Review Blog

Jan 11 2010

The Society of S by Susan Hubbard

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Walker Books, 2009. ISBN 9781406314977.
(Ages: Secondary) Ari lives alone with her widowed father in a Victorian house set away from the town. There she is home schooled in the morning, and left to her studies in the afternoon when her father retreats to the basement to continue his work with blood samples. When their housekeeper suggest that Ari is too isolated, she is given permission to take the girl into her home, where she meets her two children, Kathleen, a girl of Ari's age, and Michael, several years older. Through these two Ari learns more of the outside world. Both teens are stretching the boundaries imposed by their family, and when Kathleen takes Ari to her meetings with her friends, where they play at being vampires, Ari feels odd. One night, after Ari goes home because she feels ill, she is shocked to find that Kathleen has been murdered, and when the police interview Ari and her father, she realises that suspicion is falling on them.
Eventually Ari's father explains that yes, he is a vampire, and suggests that she too, may be headed that way. The Green Cross van that comes to the house every week, brings blood for him, as he and his group, do not kill for blood, taking vitamin supplements and blood from the mortuary. She wants her mother, and goes off to search for her, pursuing the vague clues left by others in the household. Her quest leads her to Florida, where she finds that things are not as they have been described.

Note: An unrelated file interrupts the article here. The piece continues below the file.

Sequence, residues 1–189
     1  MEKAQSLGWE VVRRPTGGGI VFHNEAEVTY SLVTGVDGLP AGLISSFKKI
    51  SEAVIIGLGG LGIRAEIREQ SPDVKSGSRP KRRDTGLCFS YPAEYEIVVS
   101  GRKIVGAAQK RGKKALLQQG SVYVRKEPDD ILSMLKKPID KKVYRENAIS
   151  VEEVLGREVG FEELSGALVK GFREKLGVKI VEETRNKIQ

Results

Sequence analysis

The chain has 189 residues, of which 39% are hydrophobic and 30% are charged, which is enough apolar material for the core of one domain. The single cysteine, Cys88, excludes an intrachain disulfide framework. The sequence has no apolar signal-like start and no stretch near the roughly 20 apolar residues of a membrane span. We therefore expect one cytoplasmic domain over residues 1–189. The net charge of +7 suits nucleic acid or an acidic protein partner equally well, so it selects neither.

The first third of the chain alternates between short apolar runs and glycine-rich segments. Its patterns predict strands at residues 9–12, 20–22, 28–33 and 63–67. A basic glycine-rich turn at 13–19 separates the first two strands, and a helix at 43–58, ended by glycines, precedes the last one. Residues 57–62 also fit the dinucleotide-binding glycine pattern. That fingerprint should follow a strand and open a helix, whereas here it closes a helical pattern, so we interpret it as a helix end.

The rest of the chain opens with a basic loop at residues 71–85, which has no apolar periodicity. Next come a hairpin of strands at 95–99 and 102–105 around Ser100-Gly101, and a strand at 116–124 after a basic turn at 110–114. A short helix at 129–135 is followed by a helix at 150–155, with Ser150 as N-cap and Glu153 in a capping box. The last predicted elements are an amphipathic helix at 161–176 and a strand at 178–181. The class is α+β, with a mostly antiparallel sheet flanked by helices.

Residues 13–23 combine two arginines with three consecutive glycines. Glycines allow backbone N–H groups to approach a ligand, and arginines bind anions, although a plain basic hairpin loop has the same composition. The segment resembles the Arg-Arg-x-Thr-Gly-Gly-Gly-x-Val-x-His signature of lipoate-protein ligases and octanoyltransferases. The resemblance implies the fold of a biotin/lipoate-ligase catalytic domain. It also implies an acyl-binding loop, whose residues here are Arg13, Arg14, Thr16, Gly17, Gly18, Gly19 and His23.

Full of Gothic romance and horror, The Society of S will have wide appeal to those lower secondary girls taken up with the idea of vampires and lonely teenage girls growing up without a mother. Odd house servants, strange happenings, a father with heroic looks, a mother no one mentions, suspicions about a dead cat and then a murder along with blood samples brought to the door, all have an airing in this scary tale. But it is not the vampire tale of old. When Ari's father finally tells her who and what she is, the stress all the time is about controlling the urges and taking precautions against killing. The vampires in this story must choose.
Fran Knight

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